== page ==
Housing Trust Finds Mandate Is A Tough Task to Fulfill

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A rendering of the proposed low-cost housing project on Route 114, just outside the Village of Sag Harbor.

By Stephen J. Kotz

Nearly four years ago, the Sag Harbor Community Housing Trust, which was established in 2008 and directed to invest the $2.5 million received from the developers of the Watchcase condominiums for affordable housing, announced that it had purchased The Cottages, a small complex of low-cost housing on Route 114 for $1.25 million.

Today, the trust is still waiting for additional funding it needs so it can move forward with plans to raze the existing buildings on the 2.5-acre parcel and replace them with eight modular, energy-efficient units.

Rob Calvert, one of the trust’s directors, said the group was hoping to learn by April whether it had received $1 million from New York State Community and Housing Renewal, which distributes state funds for such projects.  “There is competition county by county for those funds,” he said.  “We are even competing against the East Hampton Town Housing Authority.”

A rendering of a garden view at one of the proposed cottages.

If that money does not come through, Mr. Calvert said the trust “is looking at scenarios to fund the project even if we don’t get the money from the state.”

The time involved and the red tape that must be cut through have combined to frustrate the members of the all-volunteer trust, Mr. Calvert said. “At this snail’s pace, we are not making up for the continuing loss of affordable housing,” he lamented.

Another holdup in the project is the Suffolk County Department of Health Services, which must grant sanitary permits for septic flow. “They have been a bear, and inexplicably so,” said Mr. Calvert, adding that the trust is thankful that engineers working for it have discounted their fees.

Eyebrows were raised when the housing trust announced that its first project would be outside the village and in the neighboring Wainscott School District, but the group has pointed to a lack of suitable sites in the village.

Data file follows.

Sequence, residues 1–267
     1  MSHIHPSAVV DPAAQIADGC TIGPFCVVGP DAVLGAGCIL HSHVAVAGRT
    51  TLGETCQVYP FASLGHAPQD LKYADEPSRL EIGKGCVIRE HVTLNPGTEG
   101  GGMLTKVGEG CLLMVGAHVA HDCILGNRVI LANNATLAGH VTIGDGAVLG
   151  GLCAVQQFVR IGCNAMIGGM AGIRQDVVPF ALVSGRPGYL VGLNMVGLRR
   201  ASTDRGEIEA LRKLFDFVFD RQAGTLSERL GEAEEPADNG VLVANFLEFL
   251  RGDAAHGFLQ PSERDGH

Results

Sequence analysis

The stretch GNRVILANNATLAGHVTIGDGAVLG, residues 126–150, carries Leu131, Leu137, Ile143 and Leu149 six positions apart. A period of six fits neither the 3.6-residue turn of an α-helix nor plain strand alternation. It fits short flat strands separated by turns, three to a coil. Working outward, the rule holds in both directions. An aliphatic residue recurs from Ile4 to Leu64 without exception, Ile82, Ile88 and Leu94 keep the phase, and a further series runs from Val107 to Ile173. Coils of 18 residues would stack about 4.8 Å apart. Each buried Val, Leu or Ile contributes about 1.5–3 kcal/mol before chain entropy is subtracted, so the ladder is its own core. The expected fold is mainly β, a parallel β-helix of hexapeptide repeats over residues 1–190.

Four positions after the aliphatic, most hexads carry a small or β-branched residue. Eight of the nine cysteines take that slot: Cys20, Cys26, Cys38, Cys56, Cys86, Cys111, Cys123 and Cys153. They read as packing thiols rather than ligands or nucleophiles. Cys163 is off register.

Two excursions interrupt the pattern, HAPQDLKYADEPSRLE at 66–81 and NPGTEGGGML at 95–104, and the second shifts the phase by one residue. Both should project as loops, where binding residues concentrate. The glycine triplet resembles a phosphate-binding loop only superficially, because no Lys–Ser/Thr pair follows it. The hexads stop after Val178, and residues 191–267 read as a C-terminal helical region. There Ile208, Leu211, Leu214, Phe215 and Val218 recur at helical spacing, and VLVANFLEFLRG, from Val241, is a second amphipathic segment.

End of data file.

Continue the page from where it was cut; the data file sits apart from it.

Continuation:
“We have five times the density of East Hampton and we have a fraction of the land,” said Mr. Calvert.

As to objections from the Wainscott School District that the development would increase its population, Mr. Calvert said it was unlikely the development would increase the number of children attending school there because the units proposed would only have one bedroom. He suggested that if the matter became a sticking point, perhaps The Cottages property and any land north that is also in the Wainscott School District could be transferred to the Sag Harbor School District.

Despite the frustrating pace of the development, Mr. Calvert said it is important to continue to press ahead with efforts to solve the East End’s need for affordable housing.

“Unless we figure out a way to accommodate — and it’s going to require some serious compromises —, we are facing the prospect of economic apartheid” as it becomes necessary to bring workers in from outside, he said. “You are already seeing the pressure on fire departments, on schools,” he said. “The problem will hollow out these communities.”

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